Demonstrators shout during the "Freedom of Speech Rally Round II" outside the Islamic Community Center in Phoenix, May 29, 2015. Nancy Wiechec/Reuters

Mosques across the country are taking increased safety measures in response to a series of anti-Muslim rallies planned nationwide for Oct 9 and 10.

The Council for Islamic-American Relations (CAIR), a Muslim civil rights group, is urging Muslim leaders around the country to be vigilant this weekend and take extra precautions to ensure community members' safety.

"We've known about this for about a month now," Ibrahim Hooper, CAIR's communications director, said. "A lot of the times with stuff like this, we don't know if it's just bluster or something serious. Our position is generally not to give attention to people seeking cheap publicity. But there's been enough violent rhetoric around this event that we just felt it prudent to alert the community about what actions they can take to make sure everyone is safe and secure."

The rallies stem from a Facebook page called "Global Rally For Humanity," which urges "patriots" to find mosques in their cities to set up protests. "Humanity is attacked daily by radical Islam," the page reads. "Protests will be held in every country at every mosque."

According to Imagine2050, at least 20 rallies are planned across the country for Oct. 9 and 10, and some organizers have indicated that in states with open-carry laws, protesters will be armed. One organizer in Maryland said that he planned to desecrate Qurans at an event.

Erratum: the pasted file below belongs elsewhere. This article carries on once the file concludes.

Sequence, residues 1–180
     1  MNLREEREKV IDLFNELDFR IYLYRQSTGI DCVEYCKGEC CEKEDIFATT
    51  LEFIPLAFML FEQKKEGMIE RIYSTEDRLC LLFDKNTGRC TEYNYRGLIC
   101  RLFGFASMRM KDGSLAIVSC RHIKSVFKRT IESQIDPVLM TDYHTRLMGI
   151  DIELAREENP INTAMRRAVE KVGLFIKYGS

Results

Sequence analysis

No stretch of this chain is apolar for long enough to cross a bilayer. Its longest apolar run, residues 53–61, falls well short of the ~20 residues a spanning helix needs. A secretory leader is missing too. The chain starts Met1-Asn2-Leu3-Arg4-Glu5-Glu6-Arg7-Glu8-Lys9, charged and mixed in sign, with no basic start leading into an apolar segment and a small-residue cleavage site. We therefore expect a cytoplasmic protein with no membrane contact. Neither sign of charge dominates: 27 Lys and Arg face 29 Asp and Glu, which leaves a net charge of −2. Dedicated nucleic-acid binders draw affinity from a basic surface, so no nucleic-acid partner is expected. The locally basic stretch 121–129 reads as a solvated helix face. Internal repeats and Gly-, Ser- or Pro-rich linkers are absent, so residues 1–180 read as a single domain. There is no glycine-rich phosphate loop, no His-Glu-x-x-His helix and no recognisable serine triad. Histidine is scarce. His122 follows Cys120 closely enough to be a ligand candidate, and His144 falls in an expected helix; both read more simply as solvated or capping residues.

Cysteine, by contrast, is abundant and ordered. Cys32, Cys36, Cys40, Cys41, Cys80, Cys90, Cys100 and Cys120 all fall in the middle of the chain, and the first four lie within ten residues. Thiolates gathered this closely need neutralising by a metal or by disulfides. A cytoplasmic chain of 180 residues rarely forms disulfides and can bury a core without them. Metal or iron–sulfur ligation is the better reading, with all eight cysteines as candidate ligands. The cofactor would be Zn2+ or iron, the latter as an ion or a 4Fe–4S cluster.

Jon Ritzheimer, a former Marine who organized an anti-Islam rally in Phoenix this year, has created a Facebook page to host another one this Saturday at the Islamic Community Center Of Phoenix. According to its Facebook page, 84 people have committed to attending, with another 34 saying they "might" attend. It is unclear whether there will be a police presence at the event.

Hooper said that at a time when hate-motivated crimes against Muslims are increasing and certain national public figures have issued statements CAIR deems to be Islamophobic, "it would only be prudent for mosque and community leaders to prepare for any eventuality."

As a result, CAIR is urging community leaders to contact local law enforcement for advice on how to prepare for such rallies, ask local interfaith partners to attend to show support, request local elected and public officials to condemn such events, and try to videotape the rallies if safely possible.

Hooper said many local mosques have heeded CAIR's advice. Community leaders in Oklahoma have met with their local police departments to seek advice, while in Maryland, CAIR is working with local mosques to reach out to the community. Law enforcement officials contacted for this article were not immediately available to comment.

While some of the rallies might not actually take place, or draw only a few people, Hooper said it's important for Muslim communities to be prepared and remain vigilant.

One rally scheduled to be held in Racine, Wisconsin, has already been canceled after local newspaper Racine County Eye published an article about the event, whose Facebook page encouraged people to bring weapons because Wisconsin is an open-carry state. Local residents left outraged comments on the publication's Facebook page expressing their disapproval over the rally.

"Unbelievable! And people wonder why we have mass shootings. Stop teaching hate!” one reader wrote.